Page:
In its reforms, Jiangnan University changed its talent training goal from “cultivating elite designers” to “cultivating responsible and respected designers.” The school is committed to problem-oriented design education. On the basis of original subject knowledge, the school builds the "1 + 2 + 1” innovation talent training model (Figure 7).

Figure 7 “1+2+1” Innovation Talent Training Model

In the face of more and more diversified design objects, the School of Design has established an innovative design experimental class for cultivate “Composite Design Talents.” The class focuses on developing problem awareness, interdisciplinarity, and diversity, and the professors for the class come from various disciplines. Students from various majors can apply for the class after completing the first-year basic course; students are selected through interviews. The class’s curriculum is based on the four themes of design expression, design realization, strategy management, and professional theory. Establish a comprehensive system of teaching, scientific research, development and utilization, and production practice.

Carry out a problem-oriented "project-based" teaching model. The teaching direction is guided by industrial demand, the teaching results are returned to the industrial demand, and the research results are transformed into teaching resources.

The reform of design education at Jiangnan University has broken the conventional focus in design research and education on "material objects" and found a new development direction for design research and education. The reform also provides opportunities for other disciplines to participate in design research, thereby enabling design to become an impetus for the integrated innovation of other disciplines.

4. 3. College of Design and Innovation, Tongji University

In 2009, Tongji University established the College of Design and Innovation, which was formerly the Art Design Department, drawing on the latest concepts and models of the international discipline of design and innovation. The college’s focus is on "intelligent and sustainable design for industrial transformation and future life." In 2012, the College of Design and Innovation was identified as the university’s pilot school of education reform. In redesigning the management system, talent training, discipline construction, and other aspects, three main reforms were enacted.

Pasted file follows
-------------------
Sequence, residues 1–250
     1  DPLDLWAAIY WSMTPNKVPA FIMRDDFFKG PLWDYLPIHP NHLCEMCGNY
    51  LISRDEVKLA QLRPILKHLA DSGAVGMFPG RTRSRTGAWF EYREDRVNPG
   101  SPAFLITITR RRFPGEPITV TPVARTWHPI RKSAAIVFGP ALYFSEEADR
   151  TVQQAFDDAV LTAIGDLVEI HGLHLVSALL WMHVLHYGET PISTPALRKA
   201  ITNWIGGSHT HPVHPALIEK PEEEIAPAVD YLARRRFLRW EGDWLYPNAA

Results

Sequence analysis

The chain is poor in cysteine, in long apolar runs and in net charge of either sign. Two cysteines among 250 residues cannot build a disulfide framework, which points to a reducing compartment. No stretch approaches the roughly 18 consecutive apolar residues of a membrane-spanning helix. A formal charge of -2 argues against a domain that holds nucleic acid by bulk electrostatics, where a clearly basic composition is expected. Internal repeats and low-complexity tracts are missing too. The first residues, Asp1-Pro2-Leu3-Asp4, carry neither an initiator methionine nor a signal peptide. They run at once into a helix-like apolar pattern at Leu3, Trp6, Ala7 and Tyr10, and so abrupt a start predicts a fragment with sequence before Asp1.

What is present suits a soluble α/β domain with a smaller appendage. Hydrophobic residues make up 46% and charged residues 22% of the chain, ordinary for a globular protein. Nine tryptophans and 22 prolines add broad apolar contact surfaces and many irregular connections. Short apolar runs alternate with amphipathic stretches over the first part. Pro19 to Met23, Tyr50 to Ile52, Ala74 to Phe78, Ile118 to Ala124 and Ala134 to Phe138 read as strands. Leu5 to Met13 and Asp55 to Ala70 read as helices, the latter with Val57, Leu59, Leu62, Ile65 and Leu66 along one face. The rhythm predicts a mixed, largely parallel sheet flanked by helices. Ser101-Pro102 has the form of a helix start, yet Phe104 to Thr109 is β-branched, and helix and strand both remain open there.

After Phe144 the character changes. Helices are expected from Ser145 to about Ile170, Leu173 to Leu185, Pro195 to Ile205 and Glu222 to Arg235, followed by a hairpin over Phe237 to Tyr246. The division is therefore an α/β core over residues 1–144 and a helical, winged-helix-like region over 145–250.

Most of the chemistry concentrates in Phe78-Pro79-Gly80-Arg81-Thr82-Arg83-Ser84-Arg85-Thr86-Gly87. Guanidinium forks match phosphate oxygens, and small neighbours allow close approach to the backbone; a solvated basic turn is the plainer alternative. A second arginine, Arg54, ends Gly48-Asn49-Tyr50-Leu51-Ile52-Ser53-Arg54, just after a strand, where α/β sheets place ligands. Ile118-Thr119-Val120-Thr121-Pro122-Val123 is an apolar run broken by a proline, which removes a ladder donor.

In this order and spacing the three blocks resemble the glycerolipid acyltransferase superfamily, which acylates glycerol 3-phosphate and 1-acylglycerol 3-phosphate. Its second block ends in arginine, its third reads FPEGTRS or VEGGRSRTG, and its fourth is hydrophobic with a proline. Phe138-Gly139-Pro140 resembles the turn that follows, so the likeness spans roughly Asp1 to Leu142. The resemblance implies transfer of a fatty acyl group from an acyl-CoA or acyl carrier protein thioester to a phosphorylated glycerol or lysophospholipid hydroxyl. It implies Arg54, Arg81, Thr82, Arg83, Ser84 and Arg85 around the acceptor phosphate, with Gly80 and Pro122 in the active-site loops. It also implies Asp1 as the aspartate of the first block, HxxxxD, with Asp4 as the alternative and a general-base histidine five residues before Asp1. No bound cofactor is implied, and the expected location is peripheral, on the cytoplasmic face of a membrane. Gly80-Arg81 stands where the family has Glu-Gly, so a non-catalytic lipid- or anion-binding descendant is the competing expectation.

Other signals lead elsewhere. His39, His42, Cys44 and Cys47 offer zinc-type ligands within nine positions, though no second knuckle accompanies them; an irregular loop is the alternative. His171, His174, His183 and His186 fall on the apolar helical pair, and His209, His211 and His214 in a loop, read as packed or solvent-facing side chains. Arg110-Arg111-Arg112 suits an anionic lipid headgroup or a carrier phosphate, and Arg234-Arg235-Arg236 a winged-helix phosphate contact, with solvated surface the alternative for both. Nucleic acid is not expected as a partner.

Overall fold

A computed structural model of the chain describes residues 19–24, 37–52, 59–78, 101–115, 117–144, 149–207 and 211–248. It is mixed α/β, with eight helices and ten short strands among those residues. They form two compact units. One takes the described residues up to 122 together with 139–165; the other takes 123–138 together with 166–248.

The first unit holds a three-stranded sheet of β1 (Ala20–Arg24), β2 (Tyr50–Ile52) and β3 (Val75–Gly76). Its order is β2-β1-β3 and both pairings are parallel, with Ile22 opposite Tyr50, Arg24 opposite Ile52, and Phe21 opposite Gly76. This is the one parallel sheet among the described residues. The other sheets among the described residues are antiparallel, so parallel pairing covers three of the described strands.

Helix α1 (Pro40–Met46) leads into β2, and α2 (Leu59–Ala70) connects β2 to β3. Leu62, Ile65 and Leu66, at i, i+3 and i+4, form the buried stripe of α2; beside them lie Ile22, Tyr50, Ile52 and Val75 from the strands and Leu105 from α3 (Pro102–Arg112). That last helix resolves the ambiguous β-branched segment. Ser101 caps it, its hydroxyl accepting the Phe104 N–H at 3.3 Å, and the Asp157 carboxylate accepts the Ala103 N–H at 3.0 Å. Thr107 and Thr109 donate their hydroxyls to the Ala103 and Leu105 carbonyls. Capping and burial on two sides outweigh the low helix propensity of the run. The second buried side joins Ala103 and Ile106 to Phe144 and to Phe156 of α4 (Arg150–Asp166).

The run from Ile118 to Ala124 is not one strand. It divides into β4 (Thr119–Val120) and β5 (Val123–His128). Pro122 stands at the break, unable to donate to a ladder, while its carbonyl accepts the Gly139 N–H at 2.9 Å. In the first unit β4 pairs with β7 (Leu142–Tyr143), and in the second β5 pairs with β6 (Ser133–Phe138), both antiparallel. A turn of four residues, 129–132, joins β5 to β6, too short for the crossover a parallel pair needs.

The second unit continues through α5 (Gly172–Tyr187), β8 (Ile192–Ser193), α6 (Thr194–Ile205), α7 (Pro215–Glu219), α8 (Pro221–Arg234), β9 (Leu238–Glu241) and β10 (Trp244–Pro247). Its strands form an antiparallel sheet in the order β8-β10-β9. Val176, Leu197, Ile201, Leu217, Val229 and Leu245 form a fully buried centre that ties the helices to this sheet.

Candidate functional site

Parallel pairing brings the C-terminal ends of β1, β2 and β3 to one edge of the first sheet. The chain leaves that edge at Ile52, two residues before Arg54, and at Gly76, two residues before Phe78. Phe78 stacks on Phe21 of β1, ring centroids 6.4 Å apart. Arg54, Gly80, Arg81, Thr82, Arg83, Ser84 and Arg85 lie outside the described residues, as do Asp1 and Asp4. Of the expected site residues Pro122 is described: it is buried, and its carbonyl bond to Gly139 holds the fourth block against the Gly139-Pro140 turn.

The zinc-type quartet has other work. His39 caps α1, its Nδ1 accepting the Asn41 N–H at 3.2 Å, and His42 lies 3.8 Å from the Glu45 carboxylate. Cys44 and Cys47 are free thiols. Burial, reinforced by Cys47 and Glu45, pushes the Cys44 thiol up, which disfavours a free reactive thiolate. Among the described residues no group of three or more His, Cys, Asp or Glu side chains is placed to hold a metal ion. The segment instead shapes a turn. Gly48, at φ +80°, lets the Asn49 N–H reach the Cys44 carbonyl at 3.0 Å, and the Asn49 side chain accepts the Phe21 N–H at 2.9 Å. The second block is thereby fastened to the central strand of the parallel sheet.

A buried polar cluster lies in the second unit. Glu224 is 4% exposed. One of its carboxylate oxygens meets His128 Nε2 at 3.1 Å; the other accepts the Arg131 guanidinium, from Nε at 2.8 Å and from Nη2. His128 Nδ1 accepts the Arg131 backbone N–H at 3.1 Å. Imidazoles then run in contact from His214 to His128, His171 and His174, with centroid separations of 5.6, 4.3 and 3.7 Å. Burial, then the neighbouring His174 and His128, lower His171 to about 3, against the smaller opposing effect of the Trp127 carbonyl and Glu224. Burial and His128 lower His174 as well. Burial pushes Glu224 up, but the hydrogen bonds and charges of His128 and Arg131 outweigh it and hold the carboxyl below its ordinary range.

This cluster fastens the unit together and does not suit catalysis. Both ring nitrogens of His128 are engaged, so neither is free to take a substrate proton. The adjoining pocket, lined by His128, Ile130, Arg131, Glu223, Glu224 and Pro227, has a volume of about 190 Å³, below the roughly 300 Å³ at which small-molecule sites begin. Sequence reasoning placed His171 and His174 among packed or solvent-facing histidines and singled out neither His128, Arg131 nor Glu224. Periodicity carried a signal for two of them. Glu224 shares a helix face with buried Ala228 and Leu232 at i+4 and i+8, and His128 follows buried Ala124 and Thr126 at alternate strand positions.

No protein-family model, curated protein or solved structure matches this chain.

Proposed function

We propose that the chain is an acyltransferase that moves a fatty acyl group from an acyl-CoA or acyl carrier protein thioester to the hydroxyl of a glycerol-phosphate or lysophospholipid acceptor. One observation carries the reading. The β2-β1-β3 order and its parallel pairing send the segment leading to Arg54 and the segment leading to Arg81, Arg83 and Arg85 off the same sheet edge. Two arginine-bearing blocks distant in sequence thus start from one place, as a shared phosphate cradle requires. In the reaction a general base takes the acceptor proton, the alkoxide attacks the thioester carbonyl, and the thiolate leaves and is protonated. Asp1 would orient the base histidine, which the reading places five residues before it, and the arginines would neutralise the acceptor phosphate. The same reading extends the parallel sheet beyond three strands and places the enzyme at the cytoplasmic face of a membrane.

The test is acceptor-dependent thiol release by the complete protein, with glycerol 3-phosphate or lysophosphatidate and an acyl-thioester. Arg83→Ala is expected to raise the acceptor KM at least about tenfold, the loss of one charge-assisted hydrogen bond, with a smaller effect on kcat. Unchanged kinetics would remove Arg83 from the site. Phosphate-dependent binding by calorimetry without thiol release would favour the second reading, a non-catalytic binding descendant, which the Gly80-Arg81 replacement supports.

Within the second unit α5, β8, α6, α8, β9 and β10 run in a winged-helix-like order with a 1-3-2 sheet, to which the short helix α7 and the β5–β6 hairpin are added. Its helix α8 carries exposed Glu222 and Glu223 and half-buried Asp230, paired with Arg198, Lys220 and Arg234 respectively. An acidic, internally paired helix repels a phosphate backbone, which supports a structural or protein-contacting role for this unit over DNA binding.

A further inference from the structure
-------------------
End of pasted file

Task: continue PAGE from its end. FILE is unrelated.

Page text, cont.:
• (1) Implementation of a "1+3” talent training mode. Tongji University has set up a "Freshmen College" for first-year students that specializes in basic design knowledge teaching and breaks down existing barriers between majors and disciplines to promote interdisciplinary training. Starting in their second year, students can choose a major and enter the professional learning stage. This method allows students to experience the characteristics of each major at the beginning of their contact with design, which empowers them to make a more suitable choice of major. Moreover, it enables students to establish a comprehensive foundation in design from the beginning of their education.
  • (2) Development of a "three-dimensional T" design educational framework (Figure 8). Undergraduate education at Tongji focuses on cultivating vertical ability, emphasizing professional design talents with innovative thinking and broad knowledge. The master's program will focus on horizontal ability, with a special emphasis on interdisciplinary knowledge, integrated innovation, design methods, and international experience. The doctoral program focuses on cultivating the depth of knowledge and theory (Ma & Lou, 2016).
  • (3) “Main + auxiliary” curriculum system with project-based learning. The course schedule for each semester of the design major consists of one main course and several auxiliary courses. The main course is project-based, and the course content is arranged in combination with the final design project. The curriculum promotes cross-disciplinary cooperation and hire co-teacher from companies to work with professors to guide students through projects. The design skills required in the main course are taught to students through auxiliary courses.

Figure 8 “Three-dimensional T” Design Educational Framework

Tongji University breaks the traditional model of dividing first-year students into different majors. Doing so allows students to acquire basic, foundational knowledge more comprehensively, which is conducive to the establishment of comprehensive design concepts in the future. Furthermore, by adopting a teaching mode that is guided by project-based learning, the curriculum empowers students to understand the entire process of design. In the 2019 QS (Quacquarelli Symonds) World University Rankings, Tongji University’s College of Design and Innovation ranks 14th in the world in the "Art and Design" discipline ranking, and Asia ranks first.